IN NOVEMBER 1999 I worked on the 16th floor of an office tower overlooking the intersection at Sixth and Pike. On the 30th of that month, the World Trade Organization began its conference a block away at the convention center. We all knew the event was a big deal—my colleagues and I had been well briefed that organized protesters would be marching up Pike. On the way to work that morning I’d seen all manner of environmentalists, union workers, and activists on the street, who I assumed were on their way to some assembly point.

Midmorning, as expected, marchers paraded from the direction of the Market. Then, unexpectedly, as we watched the parade from our window seat 16 floors up, some of the protesters marched into the middle of the intersection—and stopped. In minutes, they formed a big immovable pile of people and placards and parade detritus.

At lunchtime, I left the building intending to head around the corner to the office worker sandwich joint I frequented. But as soon as I walked out the door, I saw that being out on the street was a lot different than looking at it from on high. The day was overcast, but the light had an odd sulfurous tinge. I headed away from the protesters, still camped in the intersection. Because the street had been cordoned off for the march, there were no cars, but it was littered with debris and dotted with stragglers. The huge display windows of Banana Republic in the elegant terra-cotta facade of the old Coliseum Theatre had been smashed. Slashes of graffiti scarred the walls of the lovely old building. A slight male figure, his head and face completely covered with a black knit ski mask, race-walked past, radiating what felt to me like an electrified, toxic aura.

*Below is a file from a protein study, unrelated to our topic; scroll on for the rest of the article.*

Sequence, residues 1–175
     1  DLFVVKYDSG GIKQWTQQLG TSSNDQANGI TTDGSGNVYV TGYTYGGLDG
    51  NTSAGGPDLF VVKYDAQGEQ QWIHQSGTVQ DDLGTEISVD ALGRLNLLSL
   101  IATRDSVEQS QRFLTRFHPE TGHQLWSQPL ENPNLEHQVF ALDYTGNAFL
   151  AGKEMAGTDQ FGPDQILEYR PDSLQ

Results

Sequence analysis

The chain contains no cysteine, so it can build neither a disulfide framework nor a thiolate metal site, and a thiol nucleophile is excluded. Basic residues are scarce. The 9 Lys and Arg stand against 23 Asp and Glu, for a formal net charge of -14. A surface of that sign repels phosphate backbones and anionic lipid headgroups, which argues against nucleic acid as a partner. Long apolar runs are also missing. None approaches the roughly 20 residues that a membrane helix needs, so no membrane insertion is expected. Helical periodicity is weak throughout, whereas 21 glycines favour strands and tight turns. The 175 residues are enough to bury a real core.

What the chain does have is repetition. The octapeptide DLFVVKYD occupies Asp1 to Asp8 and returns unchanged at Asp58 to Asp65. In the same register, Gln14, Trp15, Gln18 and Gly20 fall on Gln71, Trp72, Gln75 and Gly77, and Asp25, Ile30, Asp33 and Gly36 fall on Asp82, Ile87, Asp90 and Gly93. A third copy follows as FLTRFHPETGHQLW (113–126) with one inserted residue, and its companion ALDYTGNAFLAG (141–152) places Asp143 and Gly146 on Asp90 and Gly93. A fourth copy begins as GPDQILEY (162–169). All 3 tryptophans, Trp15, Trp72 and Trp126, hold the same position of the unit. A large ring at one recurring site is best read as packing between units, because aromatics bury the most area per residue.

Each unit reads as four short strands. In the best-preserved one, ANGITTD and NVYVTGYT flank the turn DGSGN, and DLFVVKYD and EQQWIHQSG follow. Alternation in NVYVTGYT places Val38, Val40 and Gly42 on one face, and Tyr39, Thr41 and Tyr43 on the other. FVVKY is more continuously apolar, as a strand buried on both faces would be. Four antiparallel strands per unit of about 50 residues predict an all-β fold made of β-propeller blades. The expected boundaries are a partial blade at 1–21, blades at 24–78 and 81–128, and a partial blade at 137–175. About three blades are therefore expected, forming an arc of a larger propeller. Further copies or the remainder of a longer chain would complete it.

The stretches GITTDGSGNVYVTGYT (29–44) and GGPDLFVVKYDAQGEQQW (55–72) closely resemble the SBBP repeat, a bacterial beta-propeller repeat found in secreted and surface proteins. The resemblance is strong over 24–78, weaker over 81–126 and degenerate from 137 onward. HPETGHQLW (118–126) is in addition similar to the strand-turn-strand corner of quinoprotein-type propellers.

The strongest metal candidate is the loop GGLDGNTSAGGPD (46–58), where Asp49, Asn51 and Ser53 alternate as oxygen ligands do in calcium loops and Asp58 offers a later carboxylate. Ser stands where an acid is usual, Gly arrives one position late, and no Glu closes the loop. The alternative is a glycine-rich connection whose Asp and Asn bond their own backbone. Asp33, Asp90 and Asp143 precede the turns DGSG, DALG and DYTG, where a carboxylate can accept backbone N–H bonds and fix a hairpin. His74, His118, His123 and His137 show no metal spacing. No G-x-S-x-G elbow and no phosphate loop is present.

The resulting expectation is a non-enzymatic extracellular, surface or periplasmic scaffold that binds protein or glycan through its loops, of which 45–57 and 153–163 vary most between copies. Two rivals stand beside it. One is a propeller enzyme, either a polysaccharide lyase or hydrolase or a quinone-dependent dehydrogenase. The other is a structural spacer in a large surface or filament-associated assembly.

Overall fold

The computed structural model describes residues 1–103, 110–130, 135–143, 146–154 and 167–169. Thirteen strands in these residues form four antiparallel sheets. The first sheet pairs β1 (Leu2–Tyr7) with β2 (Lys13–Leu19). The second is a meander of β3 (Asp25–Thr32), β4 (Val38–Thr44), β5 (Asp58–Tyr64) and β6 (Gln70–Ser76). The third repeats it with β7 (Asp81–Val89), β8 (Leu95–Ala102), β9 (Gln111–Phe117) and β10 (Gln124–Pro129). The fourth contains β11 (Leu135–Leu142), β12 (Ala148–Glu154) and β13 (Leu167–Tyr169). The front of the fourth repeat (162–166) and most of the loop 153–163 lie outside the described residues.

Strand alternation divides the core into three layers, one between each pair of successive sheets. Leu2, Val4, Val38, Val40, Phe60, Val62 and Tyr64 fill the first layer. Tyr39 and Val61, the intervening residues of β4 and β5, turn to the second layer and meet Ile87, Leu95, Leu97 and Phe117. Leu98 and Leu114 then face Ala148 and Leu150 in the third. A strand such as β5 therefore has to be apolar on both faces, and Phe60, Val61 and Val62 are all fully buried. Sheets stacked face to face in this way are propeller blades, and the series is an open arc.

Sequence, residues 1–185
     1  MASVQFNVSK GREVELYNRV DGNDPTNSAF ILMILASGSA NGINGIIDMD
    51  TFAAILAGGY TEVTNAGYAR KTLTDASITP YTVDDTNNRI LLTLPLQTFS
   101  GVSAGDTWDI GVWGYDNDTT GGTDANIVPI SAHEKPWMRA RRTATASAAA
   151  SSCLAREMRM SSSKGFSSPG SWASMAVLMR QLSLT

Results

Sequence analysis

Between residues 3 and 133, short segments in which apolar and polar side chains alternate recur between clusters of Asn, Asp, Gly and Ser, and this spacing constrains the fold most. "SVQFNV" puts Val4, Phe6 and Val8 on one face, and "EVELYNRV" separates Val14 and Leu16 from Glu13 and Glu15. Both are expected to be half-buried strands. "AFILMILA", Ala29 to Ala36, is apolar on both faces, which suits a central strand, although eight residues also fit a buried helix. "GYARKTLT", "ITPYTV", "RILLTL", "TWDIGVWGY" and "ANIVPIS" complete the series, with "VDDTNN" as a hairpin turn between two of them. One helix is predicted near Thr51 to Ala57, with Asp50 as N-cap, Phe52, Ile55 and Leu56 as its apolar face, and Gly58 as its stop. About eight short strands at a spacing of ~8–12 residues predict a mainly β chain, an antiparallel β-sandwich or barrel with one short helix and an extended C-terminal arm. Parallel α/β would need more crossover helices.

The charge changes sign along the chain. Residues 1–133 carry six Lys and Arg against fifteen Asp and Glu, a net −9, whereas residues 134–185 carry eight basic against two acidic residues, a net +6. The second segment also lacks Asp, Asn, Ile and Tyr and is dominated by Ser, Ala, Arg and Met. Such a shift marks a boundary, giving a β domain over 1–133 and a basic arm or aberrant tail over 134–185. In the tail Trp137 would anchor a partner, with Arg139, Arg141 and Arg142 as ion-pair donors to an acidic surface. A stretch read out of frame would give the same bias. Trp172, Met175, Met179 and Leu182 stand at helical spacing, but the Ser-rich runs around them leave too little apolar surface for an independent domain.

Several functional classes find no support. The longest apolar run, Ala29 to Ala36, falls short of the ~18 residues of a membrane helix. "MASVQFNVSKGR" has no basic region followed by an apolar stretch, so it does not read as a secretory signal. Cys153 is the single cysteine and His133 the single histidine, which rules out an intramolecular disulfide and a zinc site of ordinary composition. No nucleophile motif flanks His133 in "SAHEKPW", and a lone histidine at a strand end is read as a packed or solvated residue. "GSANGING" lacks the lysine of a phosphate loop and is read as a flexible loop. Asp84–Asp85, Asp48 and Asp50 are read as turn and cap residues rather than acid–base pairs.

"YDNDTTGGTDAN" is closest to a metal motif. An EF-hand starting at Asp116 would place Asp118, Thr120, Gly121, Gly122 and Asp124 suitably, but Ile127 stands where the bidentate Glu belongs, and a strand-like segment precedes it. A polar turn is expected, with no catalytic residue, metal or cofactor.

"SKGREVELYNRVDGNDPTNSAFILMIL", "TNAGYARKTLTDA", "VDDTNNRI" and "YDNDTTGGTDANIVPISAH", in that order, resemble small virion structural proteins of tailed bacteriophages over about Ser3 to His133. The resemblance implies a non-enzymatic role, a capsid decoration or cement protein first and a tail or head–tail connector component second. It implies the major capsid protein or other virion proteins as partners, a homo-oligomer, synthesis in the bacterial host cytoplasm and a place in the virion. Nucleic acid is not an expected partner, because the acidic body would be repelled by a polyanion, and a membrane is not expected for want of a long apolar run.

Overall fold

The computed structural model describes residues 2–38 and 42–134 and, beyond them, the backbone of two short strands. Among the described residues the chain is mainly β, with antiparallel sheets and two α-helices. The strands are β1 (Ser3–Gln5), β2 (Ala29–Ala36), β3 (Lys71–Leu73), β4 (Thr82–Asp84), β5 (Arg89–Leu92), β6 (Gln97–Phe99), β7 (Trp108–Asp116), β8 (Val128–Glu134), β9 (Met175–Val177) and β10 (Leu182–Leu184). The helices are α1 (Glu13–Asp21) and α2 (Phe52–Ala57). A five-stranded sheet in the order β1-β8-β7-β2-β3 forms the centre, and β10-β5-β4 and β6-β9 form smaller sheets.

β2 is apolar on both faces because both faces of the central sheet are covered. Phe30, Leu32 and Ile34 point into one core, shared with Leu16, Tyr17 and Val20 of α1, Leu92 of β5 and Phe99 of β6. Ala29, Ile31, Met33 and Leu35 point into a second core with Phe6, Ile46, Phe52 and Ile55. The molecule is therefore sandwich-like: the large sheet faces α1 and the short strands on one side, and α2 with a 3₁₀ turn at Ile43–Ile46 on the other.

That was Day One.

Anyone who was in the city that day and the rest of that week has stories of the WTO upheaval. To mark the 10th anniversary, our news editor Eric Scigliano interviewed many of the people most closely involved in planning, protecting, protesting, and trying to derail the event. Though the WTO meeting is widely considered to be Seattle’s biggest failure, Eric discovered more to the story. In bidding to host the WTO our city was dreaming big and the effort was infused with vision and idealism. That week, Seattle changed the world, for better and worse. And in the aftermath, its citizens turned out in force to put the city back together again.

In those awful days, we may have lost our innocence—but not our soul.

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